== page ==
Tuesday, 10 June 2014

SH. EYNZAFT

SH. EYNZAFT (1889-December 4, 1929)
Born in Zhitomir (Zhytomyr) into a family of laborers.  He was a member of the Jewish Socialist Workers Party (SERP [Sotsialisticheskaya evreiskaya rabochaya partiya]).  He was arrested in 1908 and exiled for three years.  In 1914 he moved to the Bund, and in 1915 he was a delegate to the southwestern conference of the party in Kiev.  Shortly thereafter he was once again arrested and banished to Irkutsk.  After the February Revolution in 1917, he returned on his own and became active in the trade union movement and in the workers’ cooperatives.  During the German occupation, he was again arrested and for a longer period of time he remained in jail.  He began his scholarly-literary activity in 1922 while studying in the “Institute of Red Professors.”  His books include: Di zubatovishe un gaponishe bavegungen (The movement of Zubatov and Gapon) (Minsk, 1926), 167 pp.; Di gapon-bavegung un der 9ter yanuar (The Gapon movement and January 9th) (Kharkov, 1926), 50 pp.; “Di dorem-mayrevdike konferents fun ‘bund’ in 1915” (The southwestern conference of the Bund in 1915), in Visnshaftlekhe yorbikher (Scholarly yearbooks), vol. 1 (Moscow, 1929).  He also wrote memoirs about the Jewish self-defense in Zhitomir as well as a series of works in Russian on general matters concerning the workers’ movement in Russia, among them the work of the “economic struggle of the Bialystok textile laborers in the 1880s and 1890s,” which had a connection with Jewish history.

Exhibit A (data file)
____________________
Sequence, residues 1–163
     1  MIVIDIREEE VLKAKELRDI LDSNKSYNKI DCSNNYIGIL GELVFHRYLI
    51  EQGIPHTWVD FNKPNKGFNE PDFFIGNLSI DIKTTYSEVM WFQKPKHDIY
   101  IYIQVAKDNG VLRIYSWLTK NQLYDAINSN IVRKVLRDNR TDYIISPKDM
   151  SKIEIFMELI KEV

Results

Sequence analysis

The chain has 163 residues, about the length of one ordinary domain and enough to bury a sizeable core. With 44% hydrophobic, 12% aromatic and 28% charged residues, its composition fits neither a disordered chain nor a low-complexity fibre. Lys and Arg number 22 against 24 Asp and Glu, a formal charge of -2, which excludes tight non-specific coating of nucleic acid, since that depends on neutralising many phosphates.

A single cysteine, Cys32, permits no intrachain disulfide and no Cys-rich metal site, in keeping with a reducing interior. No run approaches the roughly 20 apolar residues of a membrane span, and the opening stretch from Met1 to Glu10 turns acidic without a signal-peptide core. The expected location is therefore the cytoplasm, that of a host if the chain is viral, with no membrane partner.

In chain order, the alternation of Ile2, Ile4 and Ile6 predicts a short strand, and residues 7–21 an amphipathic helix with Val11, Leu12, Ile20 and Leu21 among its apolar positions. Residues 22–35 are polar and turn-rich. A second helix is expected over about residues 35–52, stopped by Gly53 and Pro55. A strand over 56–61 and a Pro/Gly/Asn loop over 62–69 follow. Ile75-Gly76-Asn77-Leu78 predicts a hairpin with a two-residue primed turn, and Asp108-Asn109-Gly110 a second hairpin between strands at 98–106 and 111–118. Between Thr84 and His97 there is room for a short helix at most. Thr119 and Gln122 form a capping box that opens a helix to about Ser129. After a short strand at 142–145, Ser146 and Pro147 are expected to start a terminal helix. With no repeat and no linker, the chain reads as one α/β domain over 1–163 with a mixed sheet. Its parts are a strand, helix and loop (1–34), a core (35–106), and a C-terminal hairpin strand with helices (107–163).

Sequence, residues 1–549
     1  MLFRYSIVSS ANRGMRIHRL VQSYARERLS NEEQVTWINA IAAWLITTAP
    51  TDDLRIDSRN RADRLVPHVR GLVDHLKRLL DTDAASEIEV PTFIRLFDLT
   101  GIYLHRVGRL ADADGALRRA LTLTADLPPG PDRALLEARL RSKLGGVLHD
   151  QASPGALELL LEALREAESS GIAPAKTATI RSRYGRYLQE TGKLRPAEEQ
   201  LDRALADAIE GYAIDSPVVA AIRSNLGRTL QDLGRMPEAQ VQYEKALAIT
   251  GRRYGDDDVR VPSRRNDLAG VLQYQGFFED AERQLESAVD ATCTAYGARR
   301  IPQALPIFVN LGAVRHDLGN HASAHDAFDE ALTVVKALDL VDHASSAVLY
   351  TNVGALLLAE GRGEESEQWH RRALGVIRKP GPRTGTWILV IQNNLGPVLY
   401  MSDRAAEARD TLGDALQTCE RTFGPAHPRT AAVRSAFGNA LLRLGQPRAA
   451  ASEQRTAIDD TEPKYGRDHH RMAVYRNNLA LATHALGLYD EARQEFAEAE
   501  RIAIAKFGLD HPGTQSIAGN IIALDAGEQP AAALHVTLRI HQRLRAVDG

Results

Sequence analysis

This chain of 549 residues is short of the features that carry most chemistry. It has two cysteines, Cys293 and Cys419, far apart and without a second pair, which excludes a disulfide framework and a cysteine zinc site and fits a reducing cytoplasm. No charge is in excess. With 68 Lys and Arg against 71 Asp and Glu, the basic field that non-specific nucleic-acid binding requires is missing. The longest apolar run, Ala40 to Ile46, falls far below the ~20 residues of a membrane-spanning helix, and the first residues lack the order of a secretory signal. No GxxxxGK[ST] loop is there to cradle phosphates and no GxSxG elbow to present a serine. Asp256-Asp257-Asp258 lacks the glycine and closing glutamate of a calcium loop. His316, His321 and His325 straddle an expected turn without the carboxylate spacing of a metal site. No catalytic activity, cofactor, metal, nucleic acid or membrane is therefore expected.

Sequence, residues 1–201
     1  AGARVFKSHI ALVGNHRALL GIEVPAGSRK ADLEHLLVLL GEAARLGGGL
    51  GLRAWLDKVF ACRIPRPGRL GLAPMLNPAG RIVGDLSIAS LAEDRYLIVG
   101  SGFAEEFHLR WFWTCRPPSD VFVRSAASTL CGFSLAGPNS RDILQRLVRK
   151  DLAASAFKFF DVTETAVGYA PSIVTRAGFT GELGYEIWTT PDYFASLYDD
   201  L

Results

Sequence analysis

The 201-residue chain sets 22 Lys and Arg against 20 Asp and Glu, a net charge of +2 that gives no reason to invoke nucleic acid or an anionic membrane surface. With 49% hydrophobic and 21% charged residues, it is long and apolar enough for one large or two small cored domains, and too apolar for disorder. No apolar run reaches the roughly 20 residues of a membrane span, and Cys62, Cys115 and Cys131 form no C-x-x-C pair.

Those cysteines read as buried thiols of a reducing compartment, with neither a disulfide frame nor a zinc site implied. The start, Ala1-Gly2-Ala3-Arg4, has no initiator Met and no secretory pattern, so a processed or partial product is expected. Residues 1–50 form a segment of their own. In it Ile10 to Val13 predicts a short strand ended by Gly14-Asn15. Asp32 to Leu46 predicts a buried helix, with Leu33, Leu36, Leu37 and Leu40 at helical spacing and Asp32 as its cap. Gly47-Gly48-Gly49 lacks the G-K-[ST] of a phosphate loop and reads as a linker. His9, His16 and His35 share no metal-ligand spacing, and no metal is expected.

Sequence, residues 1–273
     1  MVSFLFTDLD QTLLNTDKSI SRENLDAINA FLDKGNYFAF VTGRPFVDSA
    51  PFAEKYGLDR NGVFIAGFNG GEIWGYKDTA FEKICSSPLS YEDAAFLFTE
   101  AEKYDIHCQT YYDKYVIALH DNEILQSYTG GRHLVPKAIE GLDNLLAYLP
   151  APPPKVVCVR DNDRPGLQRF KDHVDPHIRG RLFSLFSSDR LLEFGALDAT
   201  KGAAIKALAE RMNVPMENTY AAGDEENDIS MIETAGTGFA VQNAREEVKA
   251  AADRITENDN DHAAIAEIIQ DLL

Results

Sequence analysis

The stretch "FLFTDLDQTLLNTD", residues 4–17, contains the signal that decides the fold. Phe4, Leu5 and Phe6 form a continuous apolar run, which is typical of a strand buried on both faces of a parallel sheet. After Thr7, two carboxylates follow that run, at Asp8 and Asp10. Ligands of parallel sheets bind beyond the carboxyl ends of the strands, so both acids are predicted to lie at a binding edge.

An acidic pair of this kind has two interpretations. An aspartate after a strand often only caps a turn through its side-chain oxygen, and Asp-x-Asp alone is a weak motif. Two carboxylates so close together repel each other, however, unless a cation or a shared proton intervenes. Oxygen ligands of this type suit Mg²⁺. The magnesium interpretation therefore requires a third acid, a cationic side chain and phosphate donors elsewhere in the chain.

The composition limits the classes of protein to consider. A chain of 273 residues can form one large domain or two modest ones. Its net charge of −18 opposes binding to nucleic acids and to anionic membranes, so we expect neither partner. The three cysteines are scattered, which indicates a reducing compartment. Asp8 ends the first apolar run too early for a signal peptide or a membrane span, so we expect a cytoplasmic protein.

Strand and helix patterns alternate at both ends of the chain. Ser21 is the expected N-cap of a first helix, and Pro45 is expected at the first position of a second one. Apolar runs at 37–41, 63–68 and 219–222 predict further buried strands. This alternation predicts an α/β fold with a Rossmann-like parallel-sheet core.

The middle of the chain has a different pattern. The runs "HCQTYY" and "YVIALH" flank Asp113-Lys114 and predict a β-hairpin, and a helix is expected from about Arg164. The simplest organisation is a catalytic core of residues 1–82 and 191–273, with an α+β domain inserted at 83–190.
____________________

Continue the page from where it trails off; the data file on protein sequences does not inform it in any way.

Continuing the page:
Sources: “A yor arbet fun der gezelshaft tsu shtudirn di yidishe shprakh, literatur un geshikhte” (A year’s work of the society for the study of Yiddish language, literature, and history), Tsayshrift no. 2-3 (Minsk, 1928); “P. S. Eynzaft,” in Revoliutsionnoe dvizhenie sredi evreev (Revolutionary movement among the Jews), vol. 1 (Moscow, 1930); “In farvaltung fun der sektsye tsu derlernen di revolutsyonere bavegung bay yidn” (On the management of the section to teach about the revolutionary movement among the Jews), in ibid.




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